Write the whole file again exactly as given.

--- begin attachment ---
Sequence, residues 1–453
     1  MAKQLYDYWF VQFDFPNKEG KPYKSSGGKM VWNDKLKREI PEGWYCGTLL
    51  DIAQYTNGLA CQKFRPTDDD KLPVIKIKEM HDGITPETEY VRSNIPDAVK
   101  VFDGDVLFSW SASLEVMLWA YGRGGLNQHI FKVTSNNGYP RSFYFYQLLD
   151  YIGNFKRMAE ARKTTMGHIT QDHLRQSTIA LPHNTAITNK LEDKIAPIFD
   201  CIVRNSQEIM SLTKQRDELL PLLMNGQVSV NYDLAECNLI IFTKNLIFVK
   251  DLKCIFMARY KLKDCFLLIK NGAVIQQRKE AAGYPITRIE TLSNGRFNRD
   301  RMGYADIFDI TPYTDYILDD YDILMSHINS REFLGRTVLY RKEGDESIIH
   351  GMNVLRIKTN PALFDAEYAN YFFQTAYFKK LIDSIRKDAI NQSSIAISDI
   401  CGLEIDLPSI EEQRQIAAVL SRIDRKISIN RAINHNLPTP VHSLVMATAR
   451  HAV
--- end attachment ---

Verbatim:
Sequence, residues 1–453
     1  MAKQLYDYWF VQFDFPNKEG KPYKSSGGKM VWNDKLKREI PEGWYCGTLL
    51  DIAQYTNGLA CQKFRPTDDD KLPVIKIKEM HDGITPETEY VRSNIPDAVK
   101  VFDGDVLFSW SASLEVMLWA YGRGGLNQHI FKVTSNNGYP RSFYFYQLLD
   151  YIGNFKRMAE ARKTTMGHIT QDHLRQSTIA LPHNTAITNK LEDKIAPIFD
   201  CIVRNSQEIM SLTKQRDELL PLLMNGQVSV NYDLAECNLI IFTKNLIFVK
   251  DLKCIFMARY KLKDCFLLIK NGAVIQQRKE AAGYPITRIE TLSNGRFNRD
   301  RMGYADIFDI TPYTDYILDD YDILMSHINS REFLGRTVLY RKEGDESIIH
   351  GMNVLRIKTN PALFDAEYAN YFFQTAYFKK LIDSIRKDAI NQSSIAISDI
   401  CGLEIDLPSI EEQRQIAAVL SRIDRKISIN RAINHNLPTP VHSLVMATAR
   451  HAV